Mouse models of primary mitophagic dysfunction
Functional crosstalk between mitochondrial dynamics and mitophagy pathways complicates interpretation of cardiac gene manipulation studies. The following questions arise: Are resulting phenotypes the direct consequence of altering the balance between mitochondrial fission and fusion? Are they an indirect effect that perturbing mitochondrial dynamism exerts on mitochondrial quality control signaling? Answers to these questions may be found in studies of mice lacking the two central effectors of mitophagy, PINK1, and Parkin.
Germ line deletion of the murine PINK1 gene provoked progressive cardiac dysfunction beginning at 2 months of age (Billia et al, 2011). Although apoptosis was reported as being increased, the overall cardiac phenotype was cardiac hypertrophy, and not dilated cardiomyopathy that typically results from increased cardiomyocyte death. Mitophagy was not measured, but diminished mitochondrial respiratory function and respiratory complex content and increased oxidative stress are consistent with decreased mitochondrial quality. Notably, mitochondrial size was increased. Thus, interruption of mitophagy by PINK1 deletion is detrimental to hearts.
Germ line ablation of the Parkin gene is perhaps most noteworthy for the absence of major phenotypes, cardiac, neurological, or otherwise. None of the multiple types of Parkin knockout mice develop a Parkinson's disease‐like phenotype (Dawson et al, 2010), perhaps because of opportunistic compensation by related E3 ubiquitin ligases (Bhandari et al, 2014a) or other mitophagy factors (Shin et al, 2011). Nevertheless, modest cardiac and cardiomyocyte mitochondrial abnormalities were detected in 1‐year‐old Parkin null mice (Hoshino et al, 2013; Kubli et al, 2013). Taken together, these early findings in germ line PINK1 and Parkin knockout mice suggest that a common constellation of cardiac defects develops when mitophagy is impaired in cardiac myocytes. At the organelle level, there is accumulation of structurally abnormal, enlarged, dysfunctional mitochondria; at the organ level, there is a relatively modest and slowly progressive cardiomyopathy. These findings are similar to those provoked by cardiac Mfn2 deficiency that interrupts PINK1/Parkin signaling by deleting the mitochondrial Parkin receptor (Chen & Dorn, 2013; Song et al, 2014) and are striking in their contrast to the rapidly progressive and lethal cardiomyopathy induced by complete interruption of mitochondrial fusion (combined Mfn1 and Mfn2 gene ablation) (Chen et al, 2011; Papanicolaou et al, 2012). It seems reasonable to postulate that interruption of the mitochondrial fission–fusion cycle by combined ablation of both Mfn1 and Mfn2 (fusion‐deficient), or deletion of Drp1 (fission‐deficient), evokes severe and acutely deleterious effects on the heart that include, but are not limited to, interrupted mitochondrial quality control (Chen et al, 2011; Song et al, 2015). By comparison, deletion of Mfn2, PINK1, or Parkin evokes a chronic form of cardiac degeneration through loss of an important mechanism to maintain mitochondrial fitness, mitophagic culling. Cardiac degeneration produced by interrupting the PINK1/Mfn2/Parkin mitophagy pathway may be chronic and delayed because Parkin‐independent pathways for mitochondrial quality control, such as the incompletely understood ROS‐dependent mitophagy pathway (Song et al, 2014), are invoked but ultimately overwhelmed.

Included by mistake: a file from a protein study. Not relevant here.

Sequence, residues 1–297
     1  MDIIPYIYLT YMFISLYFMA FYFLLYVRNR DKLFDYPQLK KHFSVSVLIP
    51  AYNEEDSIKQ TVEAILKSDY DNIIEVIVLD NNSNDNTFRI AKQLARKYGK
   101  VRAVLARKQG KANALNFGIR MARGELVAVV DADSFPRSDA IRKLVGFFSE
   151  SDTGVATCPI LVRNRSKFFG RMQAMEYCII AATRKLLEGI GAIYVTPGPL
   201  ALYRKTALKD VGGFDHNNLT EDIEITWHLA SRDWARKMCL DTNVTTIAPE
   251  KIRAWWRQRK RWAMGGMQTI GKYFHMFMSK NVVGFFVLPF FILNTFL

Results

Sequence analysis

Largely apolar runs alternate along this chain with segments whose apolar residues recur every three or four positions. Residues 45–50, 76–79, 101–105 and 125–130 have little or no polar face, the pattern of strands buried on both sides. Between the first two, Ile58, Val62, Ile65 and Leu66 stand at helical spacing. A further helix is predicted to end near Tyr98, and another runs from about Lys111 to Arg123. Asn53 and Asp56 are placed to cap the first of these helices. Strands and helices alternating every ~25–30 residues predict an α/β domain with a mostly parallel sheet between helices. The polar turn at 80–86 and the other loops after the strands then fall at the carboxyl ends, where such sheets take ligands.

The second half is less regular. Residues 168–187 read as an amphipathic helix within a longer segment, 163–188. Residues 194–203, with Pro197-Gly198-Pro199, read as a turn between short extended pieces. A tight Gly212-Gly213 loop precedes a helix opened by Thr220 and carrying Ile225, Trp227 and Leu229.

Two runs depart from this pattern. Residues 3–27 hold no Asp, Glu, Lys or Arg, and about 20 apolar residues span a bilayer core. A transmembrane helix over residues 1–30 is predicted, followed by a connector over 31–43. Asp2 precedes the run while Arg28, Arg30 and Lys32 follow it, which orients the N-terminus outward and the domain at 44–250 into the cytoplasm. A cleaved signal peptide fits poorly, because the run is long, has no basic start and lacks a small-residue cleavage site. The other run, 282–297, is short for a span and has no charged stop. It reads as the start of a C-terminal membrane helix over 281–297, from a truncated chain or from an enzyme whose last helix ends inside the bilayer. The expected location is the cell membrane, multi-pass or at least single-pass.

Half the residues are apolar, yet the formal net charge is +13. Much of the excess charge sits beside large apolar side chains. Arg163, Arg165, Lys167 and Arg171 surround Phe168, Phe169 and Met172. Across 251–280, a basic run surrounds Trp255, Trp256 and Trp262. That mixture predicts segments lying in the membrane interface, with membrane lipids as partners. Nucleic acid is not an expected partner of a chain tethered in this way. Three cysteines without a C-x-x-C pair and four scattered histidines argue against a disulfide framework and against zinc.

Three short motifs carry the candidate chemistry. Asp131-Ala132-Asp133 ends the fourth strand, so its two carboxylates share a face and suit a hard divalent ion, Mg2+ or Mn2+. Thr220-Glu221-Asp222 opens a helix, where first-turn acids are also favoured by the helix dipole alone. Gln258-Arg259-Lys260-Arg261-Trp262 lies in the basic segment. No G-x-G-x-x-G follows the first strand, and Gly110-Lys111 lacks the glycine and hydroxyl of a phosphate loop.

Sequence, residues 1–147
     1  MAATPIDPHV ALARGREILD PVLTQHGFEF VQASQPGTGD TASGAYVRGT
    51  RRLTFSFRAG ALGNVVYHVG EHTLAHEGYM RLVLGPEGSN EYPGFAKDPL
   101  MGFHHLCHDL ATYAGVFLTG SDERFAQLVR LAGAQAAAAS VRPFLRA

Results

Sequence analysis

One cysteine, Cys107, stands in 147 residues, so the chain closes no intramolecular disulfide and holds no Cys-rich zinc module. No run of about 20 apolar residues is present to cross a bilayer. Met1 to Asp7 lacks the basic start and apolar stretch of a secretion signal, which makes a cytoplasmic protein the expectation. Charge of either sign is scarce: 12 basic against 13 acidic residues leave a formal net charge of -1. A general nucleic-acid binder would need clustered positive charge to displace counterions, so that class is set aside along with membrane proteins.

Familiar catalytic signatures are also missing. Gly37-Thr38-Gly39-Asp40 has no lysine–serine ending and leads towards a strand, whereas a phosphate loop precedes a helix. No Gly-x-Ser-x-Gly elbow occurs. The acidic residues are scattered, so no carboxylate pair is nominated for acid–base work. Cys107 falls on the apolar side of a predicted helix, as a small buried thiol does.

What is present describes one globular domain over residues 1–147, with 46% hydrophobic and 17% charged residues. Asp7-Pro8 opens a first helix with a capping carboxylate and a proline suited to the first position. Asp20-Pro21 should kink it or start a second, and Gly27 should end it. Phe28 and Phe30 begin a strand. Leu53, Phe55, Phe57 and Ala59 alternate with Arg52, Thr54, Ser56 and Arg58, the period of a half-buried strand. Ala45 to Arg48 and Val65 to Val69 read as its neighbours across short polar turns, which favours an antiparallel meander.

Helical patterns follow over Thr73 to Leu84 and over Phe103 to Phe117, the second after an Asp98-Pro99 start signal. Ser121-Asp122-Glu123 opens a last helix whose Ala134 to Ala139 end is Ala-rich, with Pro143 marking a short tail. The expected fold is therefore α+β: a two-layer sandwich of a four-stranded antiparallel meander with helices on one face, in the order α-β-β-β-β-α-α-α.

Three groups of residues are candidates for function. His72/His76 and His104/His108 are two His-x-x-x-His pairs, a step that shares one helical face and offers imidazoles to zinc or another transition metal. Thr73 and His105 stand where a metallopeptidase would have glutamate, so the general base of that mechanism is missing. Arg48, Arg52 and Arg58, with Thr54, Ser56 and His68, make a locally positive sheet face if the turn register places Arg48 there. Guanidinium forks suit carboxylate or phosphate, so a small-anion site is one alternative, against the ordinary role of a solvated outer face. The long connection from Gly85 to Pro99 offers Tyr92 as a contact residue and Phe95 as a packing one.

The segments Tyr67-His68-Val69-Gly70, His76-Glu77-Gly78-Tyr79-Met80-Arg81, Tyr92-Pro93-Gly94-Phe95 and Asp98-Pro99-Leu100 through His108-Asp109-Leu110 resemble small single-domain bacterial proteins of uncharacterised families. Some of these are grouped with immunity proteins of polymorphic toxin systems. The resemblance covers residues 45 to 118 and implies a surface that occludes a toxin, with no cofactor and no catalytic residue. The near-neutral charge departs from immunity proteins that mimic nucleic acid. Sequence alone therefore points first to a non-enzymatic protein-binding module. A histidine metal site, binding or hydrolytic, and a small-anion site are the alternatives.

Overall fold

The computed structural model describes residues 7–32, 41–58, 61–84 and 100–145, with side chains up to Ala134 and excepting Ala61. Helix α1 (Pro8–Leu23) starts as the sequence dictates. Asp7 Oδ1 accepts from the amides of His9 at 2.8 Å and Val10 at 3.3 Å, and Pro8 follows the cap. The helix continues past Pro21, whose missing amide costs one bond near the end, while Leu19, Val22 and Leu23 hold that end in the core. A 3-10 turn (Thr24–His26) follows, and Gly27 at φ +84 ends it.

Implications of experimental findings for clinical medicine
Barth syndrome, Friedreich's ataxia, and cardiac involvement in mtDNA disease are examples of primary mitochondrial dysfunction that adversely impact the heart. In each of these conditions, mitochondrial respiratory chain dysfunction is a central pathological feature. In other disorders such as Parkinson's disease, CMT2A, and DOA, the principal abnormality is not at the mitochondrion, but within the mitochondrial cell signaling interface that maintains fitness of the mitochondrial pool. Although mitochondrial respiratory dysfunction is measurable in cells derived from patients with these disorders and in the respective fly and mouse genetic models, the heart is seemingly spared from major involvement. Or perhaps not. A review of published literature reveals almost no direct information on cardiomyopathy in Parkinson's disease, CMT2A, or DOA (despite compelling evidence for skeletal muscle involvement in all three syndromes), and cardiac phenotypes have been described in mice lacking the causal genes for each of these neurodegenerative conditions. Given the rapid technical advances in deep sequencing of exomes and whole genomes, we may discover unsuspected mitochondrial involvement in hereditary cardiac and skeletal myopathies that are not explained by the usual common genetic disturbances in sarcomeric proteins, dystrophin, etc. Indeed, reports are beginning to surface of severe congenital cardiomyopathies attributed to primary abnormalities of mitochondrial respiratory chain function (Dhar et al, 2013; Garcia‐Diaz et al, 2013).